NON-PEDICLE BASED INTERSPINOUS SPACER

Spinal distraction apparatus includes at least one plate member having upper and lower surfaces adapted for placement between opposing upper and lower spinous processes having outer lateral surfaces. A pair of scissoring elements are hingedly affixed to the plate member to engage with the lateral surfaces of the spinous processes. A device is provided for locking the scissoring elements in position once a desired degree of contact is made. In a preferred configuration, the scissoring elements are sandwiched between a pair of opposing plate members, each having upper and lower surfaces adapted for placement between opposing upper and lower spinous processes, and the inner surfaces of the scissoring elements are concave. The device for locking the scissoring elements in position is a fastener that extends through a central portion of both scissoring elements and the plate members. The apparatus may further include a retractor with upper and lower plates for spreading the upper and lower spinous processes apart to receive the plate with scissoring element(s), and wherein the upper and lower surfaces of the plate member have notches to accommodate the upper and lower plates.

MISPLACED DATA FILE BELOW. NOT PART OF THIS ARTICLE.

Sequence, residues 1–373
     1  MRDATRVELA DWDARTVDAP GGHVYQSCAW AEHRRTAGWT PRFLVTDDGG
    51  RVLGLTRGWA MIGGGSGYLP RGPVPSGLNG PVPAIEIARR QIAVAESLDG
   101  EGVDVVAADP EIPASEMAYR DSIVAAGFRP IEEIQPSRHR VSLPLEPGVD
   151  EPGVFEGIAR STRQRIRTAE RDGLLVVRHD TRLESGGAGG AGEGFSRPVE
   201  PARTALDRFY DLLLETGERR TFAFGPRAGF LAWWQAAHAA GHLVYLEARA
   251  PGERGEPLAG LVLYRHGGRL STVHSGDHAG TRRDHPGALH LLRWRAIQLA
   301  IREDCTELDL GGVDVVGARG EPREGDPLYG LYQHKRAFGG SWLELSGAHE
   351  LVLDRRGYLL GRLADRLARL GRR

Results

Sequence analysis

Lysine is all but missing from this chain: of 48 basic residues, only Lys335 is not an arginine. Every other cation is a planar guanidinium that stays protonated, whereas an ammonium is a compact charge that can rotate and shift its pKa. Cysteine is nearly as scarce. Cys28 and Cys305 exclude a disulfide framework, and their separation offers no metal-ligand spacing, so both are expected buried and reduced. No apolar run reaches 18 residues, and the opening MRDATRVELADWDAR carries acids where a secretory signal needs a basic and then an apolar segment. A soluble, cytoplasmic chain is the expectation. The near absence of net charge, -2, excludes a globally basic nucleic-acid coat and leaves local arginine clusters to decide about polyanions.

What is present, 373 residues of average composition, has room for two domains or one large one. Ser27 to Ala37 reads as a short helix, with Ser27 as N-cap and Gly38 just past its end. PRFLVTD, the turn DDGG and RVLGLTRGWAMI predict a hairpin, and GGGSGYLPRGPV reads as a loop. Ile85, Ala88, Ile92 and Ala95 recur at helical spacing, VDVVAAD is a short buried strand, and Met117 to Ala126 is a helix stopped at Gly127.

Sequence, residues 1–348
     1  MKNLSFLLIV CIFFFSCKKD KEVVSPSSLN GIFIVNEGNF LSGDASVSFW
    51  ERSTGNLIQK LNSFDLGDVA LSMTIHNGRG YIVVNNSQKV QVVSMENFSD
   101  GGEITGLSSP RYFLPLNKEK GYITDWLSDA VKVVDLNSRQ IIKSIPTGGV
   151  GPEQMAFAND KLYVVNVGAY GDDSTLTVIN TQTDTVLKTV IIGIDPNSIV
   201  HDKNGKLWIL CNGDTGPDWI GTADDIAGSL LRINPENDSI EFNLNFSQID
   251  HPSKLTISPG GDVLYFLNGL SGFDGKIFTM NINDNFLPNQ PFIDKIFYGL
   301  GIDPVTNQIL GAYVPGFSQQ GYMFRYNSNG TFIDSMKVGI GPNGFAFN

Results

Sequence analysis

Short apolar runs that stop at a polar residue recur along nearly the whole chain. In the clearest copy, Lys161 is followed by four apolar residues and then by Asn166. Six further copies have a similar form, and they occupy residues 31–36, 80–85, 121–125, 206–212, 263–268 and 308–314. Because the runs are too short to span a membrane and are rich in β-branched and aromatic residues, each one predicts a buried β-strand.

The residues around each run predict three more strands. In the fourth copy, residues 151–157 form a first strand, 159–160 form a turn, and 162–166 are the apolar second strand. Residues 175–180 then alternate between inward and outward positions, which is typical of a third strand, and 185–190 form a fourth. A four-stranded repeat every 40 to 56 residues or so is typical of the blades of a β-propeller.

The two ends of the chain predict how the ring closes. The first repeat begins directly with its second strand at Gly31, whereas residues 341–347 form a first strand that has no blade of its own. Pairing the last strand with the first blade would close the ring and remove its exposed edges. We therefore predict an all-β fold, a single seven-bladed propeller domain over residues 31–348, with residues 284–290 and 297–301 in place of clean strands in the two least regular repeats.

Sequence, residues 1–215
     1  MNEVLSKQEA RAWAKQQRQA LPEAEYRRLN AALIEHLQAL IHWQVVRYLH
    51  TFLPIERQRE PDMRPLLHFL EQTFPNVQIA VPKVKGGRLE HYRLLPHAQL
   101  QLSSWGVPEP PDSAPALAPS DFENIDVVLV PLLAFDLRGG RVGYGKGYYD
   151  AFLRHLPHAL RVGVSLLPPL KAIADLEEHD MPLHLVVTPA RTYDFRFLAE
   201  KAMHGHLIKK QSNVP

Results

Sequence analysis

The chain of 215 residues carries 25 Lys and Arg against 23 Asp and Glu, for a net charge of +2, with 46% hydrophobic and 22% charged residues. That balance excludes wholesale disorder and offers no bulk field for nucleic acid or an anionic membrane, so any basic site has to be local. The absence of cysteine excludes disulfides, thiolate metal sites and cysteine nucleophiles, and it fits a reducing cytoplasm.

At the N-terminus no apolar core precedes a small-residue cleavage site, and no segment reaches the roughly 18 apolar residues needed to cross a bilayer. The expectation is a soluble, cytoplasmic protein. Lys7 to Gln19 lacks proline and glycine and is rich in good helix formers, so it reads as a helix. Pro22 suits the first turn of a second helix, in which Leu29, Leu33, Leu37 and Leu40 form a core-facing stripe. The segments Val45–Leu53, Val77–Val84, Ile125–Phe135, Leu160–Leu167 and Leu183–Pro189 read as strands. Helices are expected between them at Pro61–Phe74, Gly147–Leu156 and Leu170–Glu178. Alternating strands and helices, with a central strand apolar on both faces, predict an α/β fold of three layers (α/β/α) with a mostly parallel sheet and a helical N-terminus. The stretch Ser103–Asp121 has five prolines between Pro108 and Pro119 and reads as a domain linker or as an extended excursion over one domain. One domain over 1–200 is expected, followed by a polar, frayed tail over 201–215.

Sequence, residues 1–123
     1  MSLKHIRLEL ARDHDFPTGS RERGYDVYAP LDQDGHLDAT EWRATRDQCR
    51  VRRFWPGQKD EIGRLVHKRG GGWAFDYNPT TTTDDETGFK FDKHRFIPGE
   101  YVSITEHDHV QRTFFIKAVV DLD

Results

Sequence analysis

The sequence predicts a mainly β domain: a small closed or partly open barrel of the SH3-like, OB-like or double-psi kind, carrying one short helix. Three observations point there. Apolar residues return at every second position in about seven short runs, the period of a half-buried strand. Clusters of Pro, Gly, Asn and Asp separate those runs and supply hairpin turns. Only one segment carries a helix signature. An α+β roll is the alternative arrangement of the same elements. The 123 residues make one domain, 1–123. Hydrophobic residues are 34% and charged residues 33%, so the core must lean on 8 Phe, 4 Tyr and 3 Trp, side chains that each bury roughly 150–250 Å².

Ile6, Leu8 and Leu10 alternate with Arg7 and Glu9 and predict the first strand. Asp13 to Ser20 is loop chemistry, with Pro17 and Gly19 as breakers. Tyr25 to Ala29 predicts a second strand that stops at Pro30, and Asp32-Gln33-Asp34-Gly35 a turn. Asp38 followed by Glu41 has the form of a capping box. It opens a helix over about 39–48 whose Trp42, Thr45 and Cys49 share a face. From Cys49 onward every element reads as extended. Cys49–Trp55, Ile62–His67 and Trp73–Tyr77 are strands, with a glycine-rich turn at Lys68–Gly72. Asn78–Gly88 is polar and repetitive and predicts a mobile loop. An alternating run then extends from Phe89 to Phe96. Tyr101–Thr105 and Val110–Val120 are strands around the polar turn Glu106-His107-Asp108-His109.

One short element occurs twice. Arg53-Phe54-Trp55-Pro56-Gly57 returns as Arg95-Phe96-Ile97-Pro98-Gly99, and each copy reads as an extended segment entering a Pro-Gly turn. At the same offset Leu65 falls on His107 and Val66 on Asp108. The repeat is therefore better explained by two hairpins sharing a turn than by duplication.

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Description

REFERENCE TO RELATED APPLICATION

This application claims priority from U.S. Provisional Patent Application Ser. No. 60/785,617, filed on Mar. 24, 2006, the entire content of which is incorporated herein by reference.

FIELD OF THE INVENTION

This invention relates generally to spinal stabilization devices and, in particular, to non-pedicle-based interspinous spacers.

BACKGROUND OF THE INVENTION

Natural intervertebral discs serve multiple purposes. First, they preserve correct anatomical spacing between adjacent vertebral bodies, allowing branching nerve bundles to function normally, without pain. Discs also facilitate natural flexion, extension, and lateral bending in support of daily physical activities. Discs further serve as “shock absorbers” for spinal loading.